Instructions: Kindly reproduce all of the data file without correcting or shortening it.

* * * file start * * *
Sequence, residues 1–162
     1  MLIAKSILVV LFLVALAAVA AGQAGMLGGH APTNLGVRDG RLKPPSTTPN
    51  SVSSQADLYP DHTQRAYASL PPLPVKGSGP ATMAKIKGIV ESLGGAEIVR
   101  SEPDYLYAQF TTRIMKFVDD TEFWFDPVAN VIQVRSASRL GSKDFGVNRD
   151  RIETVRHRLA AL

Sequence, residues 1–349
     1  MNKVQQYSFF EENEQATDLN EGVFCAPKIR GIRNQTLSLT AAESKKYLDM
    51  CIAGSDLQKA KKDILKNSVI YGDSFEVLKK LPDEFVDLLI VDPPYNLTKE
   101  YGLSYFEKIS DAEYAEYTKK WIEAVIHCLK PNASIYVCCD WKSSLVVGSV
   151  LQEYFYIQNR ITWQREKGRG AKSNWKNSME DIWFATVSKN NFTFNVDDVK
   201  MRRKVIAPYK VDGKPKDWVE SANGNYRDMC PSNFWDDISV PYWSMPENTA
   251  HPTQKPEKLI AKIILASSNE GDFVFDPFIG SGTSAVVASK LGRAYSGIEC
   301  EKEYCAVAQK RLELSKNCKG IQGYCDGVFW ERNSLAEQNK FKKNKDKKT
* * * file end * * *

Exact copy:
Sequence, residues 1–162
     1  MLIAKSILVV LFLVALAAVA AGQAGMLGGH APTNLGVRDG RLKPPSTTPN
    51  SVSSQADLYP DHTQRAYASL PPLPVKGSGP ATMAKIKGIV ESLGGAEIVR
   101  SEPDYLYAQF TTRIMKFVDD TEFWFDPVAN VIQVRSASRL GSKDFGVNRD
   151  RIETVRHRLA AL

Sequence, residues 1–349
     1  MNKVQQYSFF EENEQATDLN EGVFCAPKIR GIRNQTLSLT AAESKKYLDM
    51  CIAGSDLQKA KKDILKNSVI YGDSFEVLKK LPDEFVDLLI VDPPYNLTKE
   101  YGLSYFEKIS DAEYAEYTKK WIEAVIHCLK PNASIYVCCD WKSSLVVGSV
   151  LQEYFYIQNR ITWQREKGRG AKSNWKNSME DIWFATVSKN NFTFNVDDVK
   201  MRRKVIAPYK VDGKPKDWVE SANGNYRDMC PSNFWDDISV PYWSMPENTA
   251  HPTQKPEKLI AKIILASSNE GDFVFDPFIG SGTSAVVASK LGRAYSGIEC
   301  EKEYCAVAQK RLELSKNCKG IQGYCDGVFW ERNSLAEQNK FKKNKDKKT